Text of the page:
Immigration and Political Outcomes in Urban Neighborhoods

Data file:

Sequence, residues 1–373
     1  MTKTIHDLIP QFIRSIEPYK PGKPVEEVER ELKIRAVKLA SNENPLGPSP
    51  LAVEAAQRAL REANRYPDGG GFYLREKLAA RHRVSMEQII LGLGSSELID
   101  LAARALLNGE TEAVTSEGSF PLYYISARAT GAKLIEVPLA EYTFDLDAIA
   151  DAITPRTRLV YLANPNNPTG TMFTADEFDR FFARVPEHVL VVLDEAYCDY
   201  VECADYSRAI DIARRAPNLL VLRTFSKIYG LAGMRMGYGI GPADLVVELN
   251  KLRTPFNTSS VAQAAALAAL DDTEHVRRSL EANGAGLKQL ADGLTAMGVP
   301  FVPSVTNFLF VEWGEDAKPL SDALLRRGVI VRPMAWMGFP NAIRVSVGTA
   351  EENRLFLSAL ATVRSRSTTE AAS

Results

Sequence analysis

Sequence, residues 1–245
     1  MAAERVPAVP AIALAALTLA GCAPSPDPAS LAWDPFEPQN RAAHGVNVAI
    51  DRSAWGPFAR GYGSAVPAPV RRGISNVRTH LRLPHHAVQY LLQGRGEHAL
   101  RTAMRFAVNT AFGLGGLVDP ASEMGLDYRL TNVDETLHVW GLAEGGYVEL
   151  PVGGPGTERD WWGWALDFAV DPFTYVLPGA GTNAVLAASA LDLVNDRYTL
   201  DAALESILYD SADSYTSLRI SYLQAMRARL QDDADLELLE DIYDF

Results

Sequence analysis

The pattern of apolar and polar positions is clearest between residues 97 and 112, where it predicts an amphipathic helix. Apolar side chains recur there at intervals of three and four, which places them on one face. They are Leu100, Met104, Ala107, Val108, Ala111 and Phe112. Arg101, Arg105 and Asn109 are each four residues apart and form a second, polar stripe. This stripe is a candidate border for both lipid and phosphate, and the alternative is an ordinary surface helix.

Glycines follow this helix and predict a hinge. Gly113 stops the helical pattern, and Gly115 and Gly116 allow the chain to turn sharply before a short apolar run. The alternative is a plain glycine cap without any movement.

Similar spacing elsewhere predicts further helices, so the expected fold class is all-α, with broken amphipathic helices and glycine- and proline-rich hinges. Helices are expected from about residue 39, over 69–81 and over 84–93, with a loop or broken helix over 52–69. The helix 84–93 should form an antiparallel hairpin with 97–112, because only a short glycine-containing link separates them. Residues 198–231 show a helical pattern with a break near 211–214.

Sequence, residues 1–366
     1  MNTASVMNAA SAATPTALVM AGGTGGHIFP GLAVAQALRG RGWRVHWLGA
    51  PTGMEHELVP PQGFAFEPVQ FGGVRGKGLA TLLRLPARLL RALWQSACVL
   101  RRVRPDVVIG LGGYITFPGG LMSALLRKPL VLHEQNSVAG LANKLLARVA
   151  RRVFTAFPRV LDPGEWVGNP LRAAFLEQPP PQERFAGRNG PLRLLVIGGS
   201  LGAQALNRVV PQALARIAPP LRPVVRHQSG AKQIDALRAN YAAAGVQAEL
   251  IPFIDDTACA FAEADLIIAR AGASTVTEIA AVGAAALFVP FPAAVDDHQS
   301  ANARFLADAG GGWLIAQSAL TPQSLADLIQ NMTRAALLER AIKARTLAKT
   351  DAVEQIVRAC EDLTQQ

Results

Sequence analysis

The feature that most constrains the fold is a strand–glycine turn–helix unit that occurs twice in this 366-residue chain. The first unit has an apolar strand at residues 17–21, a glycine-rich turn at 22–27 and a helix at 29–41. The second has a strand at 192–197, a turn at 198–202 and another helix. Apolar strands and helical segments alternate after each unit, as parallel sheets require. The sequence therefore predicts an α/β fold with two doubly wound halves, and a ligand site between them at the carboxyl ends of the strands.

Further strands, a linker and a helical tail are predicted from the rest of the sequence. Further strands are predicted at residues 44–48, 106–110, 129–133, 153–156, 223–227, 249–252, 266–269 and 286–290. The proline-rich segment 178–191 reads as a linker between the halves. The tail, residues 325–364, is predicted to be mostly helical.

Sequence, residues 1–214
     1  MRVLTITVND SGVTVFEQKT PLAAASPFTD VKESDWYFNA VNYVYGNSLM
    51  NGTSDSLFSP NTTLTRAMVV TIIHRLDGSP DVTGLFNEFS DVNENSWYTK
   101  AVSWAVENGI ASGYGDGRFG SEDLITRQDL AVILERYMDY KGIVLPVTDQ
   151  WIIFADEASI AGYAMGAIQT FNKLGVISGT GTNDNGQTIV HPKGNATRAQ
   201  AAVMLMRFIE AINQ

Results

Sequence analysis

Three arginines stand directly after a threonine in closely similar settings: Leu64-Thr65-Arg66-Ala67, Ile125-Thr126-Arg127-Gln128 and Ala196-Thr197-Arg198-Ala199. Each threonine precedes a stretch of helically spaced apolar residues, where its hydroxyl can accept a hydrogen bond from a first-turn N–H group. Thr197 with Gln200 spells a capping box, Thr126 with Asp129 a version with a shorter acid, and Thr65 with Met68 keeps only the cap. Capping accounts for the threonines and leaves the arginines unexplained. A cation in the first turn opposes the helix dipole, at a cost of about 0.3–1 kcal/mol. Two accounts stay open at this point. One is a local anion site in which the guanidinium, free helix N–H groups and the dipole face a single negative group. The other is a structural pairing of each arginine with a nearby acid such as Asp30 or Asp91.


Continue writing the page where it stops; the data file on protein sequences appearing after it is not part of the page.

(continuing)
Most immigrants in Western Europe live in large metropolitan suburbs. Natives in the same suburbs are the privileged target of far right-wing politicians. Still, very little is known about the politics of those highly relevant places. This study is the first to address this question directly. How does immigration shape voting in large metropolitan suburbs? The answer is far from obvious, because metropolitan suburbs are located between the cosmopolitan city centers and the nationalist countryside. I exploit a natural experiment across French metropolitan suburbs, consisting of a legal population-based discontinuity in the provision of public housing. I show that municipalities that increased their supply of public housing over the period 2000-2015 also experienced an increase in the share of immigrants over natives, resulting in different voting patterns in the 2017 presidential election. The policy-induced shock on preexisting migration chains allows to isolate the effect of immigration on voting, whilst controlling for the direct effects of public housing and past immigration. Immigration causes an increase in the vote share for far right parties. The evidence suggests a role for perceived (but not realized) competition over welfare benefits to be the driving force behind the results.